So I would suggest a reinstall where you go back to what you have done previously that worked. Go back to what works unless and until there is a reason to change. I would suggest to use ext4 file system also until the other issues are resolved. I have an SSD and have tried f2fs and btrfs but did not see any advantage or improvement that I could notice.

The command mkswap did the change of UUID’s. For compatibility, I changed /etc/fstab accordingly.

I checked BIOS and it has a BOOT EFI assigned. I’ll check if this is a GPT but almost sure it is because it allowed for more than 2 partitions in a single drive.

Yes, I did not have any /boot/efi in the 2014.2 installation, but the 3.0 installer “told me” " …that otherwise the system could not boot ".

After mkswap command and changing /etc/fstab, swap is being activated on boot.

Don’t have idea of what means those 1:30 minutes during boot, it is said something like,

“A starting job is running for device …” and then,

Timed out waiting for device dev-disk-by\x2duuid-08d8342d\x2dce2f\x2d4e95\x2d97df\x2d2fd965885690.device.

Finally, mouse and keyboard only returns to their steady state after I unplug and re-plug them.

Maybe I don’t wait on the new iso…

About partitions:

SSD is a MSDOS type of partion
HDD is a GPT type of patition

and it was like this with 2014.2 too.

It dosn’t have the option to put GRUB on MBR, does it?

As far a booting I don’t know this is over my head now. Not familiar with different drives on same machine having different partition table types. That seems wrong but I don’t really know. I’d want to know answer to that before filing a bug report. Otherwise it is probably bug report time.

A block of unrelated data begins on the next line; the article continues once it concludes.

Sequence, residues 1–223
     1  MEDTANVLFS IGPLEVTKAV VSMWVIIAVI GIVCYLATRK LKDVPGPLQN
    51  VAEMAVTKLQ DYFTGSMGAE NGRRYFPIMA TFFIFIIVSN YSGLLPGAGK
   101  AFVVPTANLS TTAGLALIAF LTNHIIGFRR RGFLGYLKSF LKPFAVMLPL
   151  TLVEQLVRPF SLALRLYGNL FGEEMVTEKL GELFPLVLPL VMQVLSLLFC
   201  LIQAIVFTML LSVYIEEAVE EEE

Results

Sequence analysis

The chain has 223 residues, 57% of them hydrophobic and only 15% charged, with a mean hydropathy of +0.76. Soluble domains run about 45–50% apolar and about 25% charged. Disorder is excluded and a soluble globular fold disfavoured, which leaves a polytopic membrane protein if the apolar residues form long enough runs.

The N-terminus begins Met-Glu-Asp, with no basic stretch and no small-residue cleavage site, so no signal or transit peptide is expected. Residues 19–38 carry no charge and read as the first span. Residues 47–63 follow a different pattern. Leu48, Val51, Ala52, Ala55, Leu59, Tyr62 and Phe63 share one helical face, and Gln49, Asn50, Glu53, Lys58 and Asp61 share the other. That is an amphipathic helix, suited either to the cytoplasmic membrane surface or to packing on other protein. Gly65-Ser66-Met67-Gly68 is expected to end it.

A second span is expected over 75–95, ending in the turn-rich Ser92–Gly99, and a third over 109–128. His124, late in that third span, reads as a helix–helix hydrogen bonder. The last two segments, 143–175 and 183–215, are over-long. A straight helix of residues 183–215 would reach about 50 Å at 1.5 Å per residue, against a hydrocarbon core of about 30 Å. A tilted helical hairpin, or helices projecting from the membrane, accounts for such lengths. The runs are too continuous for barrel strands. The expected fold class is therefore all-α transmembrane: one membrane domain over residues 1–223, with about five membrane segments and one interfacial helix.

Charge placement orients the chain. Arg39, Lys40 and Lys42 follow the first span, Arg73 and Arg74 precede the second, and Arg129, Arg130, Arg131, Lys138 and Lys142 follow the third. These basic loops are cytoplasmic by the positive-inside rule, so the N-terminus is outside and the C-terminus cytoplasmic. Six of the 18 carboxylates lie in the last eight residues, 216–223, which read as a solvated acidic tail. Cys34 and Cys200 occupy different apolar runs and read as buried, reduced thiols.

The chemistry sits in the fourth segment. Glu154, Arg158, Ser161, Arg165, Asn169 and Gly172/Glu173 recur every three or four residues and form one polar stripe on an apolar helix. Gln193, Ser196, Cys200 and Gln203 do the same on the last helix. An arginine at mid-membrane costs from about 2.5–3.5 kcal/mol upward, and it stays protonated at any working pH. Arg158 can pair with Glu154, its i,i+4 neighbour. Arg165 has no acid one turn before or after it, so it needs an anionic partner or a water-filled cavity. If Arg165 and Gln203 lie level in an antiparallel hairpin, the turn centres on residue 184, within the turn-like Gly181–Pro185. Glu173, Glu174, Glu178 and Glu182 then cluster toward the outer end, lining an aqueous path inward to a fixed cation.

The mkswap was a good one on your part. I learned something there.

There are commands to find out what is taking time on booting but since you have 1:30 I’d write down the whole message. It looks like its looking for a partition that isn’t there. Is the uuid in the error the uuid for the old swap? Do you have 2 swap entries in /etc/fstab?

I’ve reinstall OMV LX 3.0 and, after some corrections, everything seems fine now!

Thus, it follows a summary of what I did, what happened, and so on. It is a kind of a long report but I don’t want to skip some points.

My desktop has a SDD (MBR boot, MSDOS partitions) with Window 8 (ntfs) and OMV 3.0 (f2fs), and a HDD (no boot, GPT partitions) with Windows 8 (ntfs data), Linux Swap, and /home.

This disks configurations were probably chosen because it had Windows 7 which was not EFI boot compatible (??). I just kept this after updating to Windows 8.

I guess this is correct although unusual today.

In the first attempt to fresh install OMV 3.0, the installer “told me” that I should have a /boot/efi partition otherwise the computer could not boot. Thus I had created one resizing the swap partition. In this fresh reinstallation I just remove that /boot/efi partition and ignored the advice of non booting installation.

Step by Step: